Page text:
November 15, 2021

Hello, MindSite News Daily Readers. In today’s newsletter, you’ll read about how actor Will Smith used his buoyant “Fresh Prince” persona to keep his childhood trauma at bay. You’ll learn how a mother who lost her climate activist son to suicide is helping other advocates shed their despair and regain a sense of joy. You’ll also read about how the Minnesota Department of Agriculture is using a federal grant to help farmers struggling with depression, anxiety and economic loss. 

Actor Will Smith unveils past mental health struggles

Will Smith in 2012 after filming Men in Black 3. Photo: Shutterstock

Will Smith’s lighthearted “Fresh Prince” persona on television was an antidote to the searing pain and powerlessness he felt as a child witnessing his father beat his mother, the actor reveals in his new memoir, Will

“That buoyant, happy, joyful image was painted over a core of a real lack of self esteem and self-respect,” Smith wrote. Blaming himself for not stopping the abuse, he said that “I couldn’t shake the idea that I had failed my mother, and I was somehow unworthy of love and care because of my cowardice. And that (was) the beginnings of wanting to overachieve and wanting to create and wanting to win and wanting to build an external life that could somehow hopefully cover the pain.”

It was also traumatizing because Smith’s father was his hero. In an interview with NPR’s Fresh Air, Smith said that his father, although deeply troubled, was brilliant, wise and a tireless provider. As he worked on the book after his father’s death, he found reading it aloud to his family and laughing and crying about it with them “very cathartic.” (His mother also reassured him that she had never considered him a coward.) He went on to create a nuanced portrait of his father in the book. “As soon as people hear ‘abuse,’ they paint an ogre in their mind, and my father wasn’t an ogre,” he told NPR. “That dichotomy is part of what breaks the mind of a child in that way, because you can’t fit both of those things into one space.” 

That dichotomy, trauma expert Dr. Gabor Maté said in a recent documentary, The Wisdom of Trauma, is what compels a child to blame themselves for a parent’s abuse, because a child can’t simultaneously see their parent as caregiver and abuser. In parenting his own children, Smith said he spent the last decade working to shed the military mindset his father ingrained in him and replace it with the notion of parent as gardener, “allowing (children) to blossom into what they naturally are, versus trying to force them into becoming what I think they should be.”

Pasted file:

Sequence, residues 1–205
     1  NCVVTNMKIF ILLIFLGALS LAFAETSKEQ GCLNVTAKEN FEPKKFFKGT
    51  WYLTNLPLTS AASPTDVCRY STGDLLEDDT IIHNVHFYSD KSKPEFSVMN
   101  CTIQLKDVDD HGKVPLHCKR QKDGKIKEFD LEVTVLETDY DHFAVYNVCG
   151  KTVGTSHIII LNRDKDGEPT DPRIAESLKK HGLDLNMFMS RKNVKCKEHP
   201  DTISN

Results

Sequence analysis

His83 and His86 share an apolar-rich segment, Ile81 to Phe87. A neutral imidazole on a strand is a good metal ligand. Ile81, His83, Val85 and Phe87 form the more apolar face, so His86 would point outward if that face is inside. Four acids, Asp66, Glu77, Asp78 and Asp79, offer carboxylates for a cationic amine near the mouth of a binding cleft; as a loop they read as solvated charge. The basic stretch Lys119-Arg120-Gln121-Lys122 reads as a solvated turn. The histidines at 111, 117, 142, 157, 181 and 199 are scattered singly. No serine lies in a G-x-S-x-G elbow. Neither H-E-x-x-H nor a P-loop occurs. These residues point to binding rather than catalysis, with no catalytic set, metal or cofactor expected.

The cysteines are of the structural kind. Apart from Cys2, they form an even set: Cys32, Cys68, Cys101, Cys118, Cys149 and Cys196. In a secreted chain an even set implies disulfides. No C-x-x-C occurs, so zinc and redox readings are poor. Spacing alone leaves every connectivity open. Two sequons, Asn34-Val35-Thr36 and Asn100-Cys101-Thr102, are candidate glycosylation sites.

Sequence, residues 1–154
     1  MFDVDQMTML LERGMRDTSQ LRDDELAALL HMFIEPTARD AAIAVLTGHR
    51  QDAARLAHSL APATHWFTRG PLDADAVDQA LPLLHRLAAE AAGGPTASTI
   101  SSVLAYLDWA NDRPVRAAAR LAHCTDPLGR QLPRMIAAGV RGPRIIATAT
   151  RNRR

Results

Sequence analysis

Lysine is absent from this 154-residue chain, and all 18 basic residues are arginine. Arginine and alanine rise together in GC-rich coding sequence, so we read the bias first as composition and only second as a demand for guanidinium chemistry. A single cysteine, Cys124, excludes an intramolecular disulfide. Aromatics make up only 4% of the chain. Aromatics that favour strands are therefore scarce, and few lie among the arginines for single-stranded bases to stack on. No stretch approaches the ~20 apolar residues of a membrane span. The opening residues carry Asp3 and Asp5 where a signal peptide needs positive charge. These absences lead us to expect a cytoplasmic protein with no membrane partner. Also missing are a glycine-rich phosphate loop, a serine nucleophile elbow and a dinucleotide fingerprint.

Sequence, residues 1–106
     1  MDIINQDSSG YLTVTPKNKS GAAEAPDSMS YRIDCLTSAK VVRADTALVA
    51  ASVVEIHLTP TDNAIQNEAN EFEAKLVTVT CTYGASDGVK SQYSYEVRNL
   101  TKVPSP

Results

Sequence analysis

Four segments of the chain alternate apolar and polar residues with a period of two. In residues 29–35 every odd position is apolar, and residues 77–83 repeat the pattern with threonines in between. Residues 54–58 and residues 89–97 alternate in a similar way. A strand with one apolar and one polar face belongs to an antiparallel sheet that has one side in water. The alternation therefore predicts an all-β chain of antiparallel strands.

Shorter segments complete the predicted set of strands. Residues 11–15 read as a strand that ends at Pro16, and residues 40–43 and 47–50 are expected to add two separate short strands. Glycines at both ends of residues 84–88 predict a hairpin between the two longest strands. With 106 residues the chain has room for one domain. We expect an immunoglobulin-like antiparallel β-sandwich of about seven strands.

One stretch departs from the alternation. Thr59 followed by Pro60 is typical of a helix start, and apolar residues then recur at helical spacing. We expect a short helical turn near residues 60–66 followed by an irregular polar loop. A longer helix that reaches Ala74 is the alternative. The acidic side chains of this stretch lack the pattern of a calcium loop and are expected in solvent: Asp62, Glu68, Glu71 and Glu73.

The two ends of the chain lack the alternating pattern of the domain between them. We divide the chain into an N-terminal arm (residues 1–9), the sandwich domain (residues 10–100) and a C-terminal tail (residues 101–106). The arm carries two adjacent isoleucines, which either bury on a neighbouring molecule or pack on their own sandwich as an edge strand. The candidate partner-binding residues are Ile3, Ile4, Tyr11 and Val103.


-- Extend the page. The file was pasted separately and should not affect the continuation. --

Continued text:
Beauty pageant winner and Army specialist advocates for better mental health care in military

Maura Spence-Carroll, who won the Miss Colorado title at age 21 in this summer’s competition, is a US Army Specialist stationed at Fort Carson in Colorado. She’s planning to go to law school, but she has a personal mission as Miss Colorado: to reduce stigma about mental health services among members of the military. 

Spence-Carroll knows firsthand what that struggle is like. After  she was diagnosed with ADHD in 2020, she said in an article in, she learned “the cultural and command barriers to service members receiving mental health care.” She is also well aware of the dangers that such barriers create for service members and veterans, who are far more likely to commit suicide than civilians. “We’ve found that access to care, social support, and a sense of belonging to a community – such as that found within the military – are the greatest tools in preventing suicide,” she said. Her message to fellow service members: “You are a valued person, friend, and member of the community, and options for treatment are out there.”

USDA awards $500K to Minnesota programs supporting farmers’ mental health 

Photo: Shutterstock

Think of farmers and their work, and it conjures up an image of self-reliance. But the COVID-19 pandemic, ongoing climate disasters and shrinking farmland have upended many farmers’ livelihoods and put their mental health at risk, according to an article in the MinnPost, a nonprofit news organization

Farming, said Gary Wertish, a retired farmer and president of the Minnesota Farmers Union, “is a stressful occupation. Always has been. Always will be. Farmers are proud people. There are too many times that they think things that are actually out of their control are their fault. They put the blame on themselves, think they’ve done something wrong. The vast majority of the time they haven’t. They don’t want to ask for help.”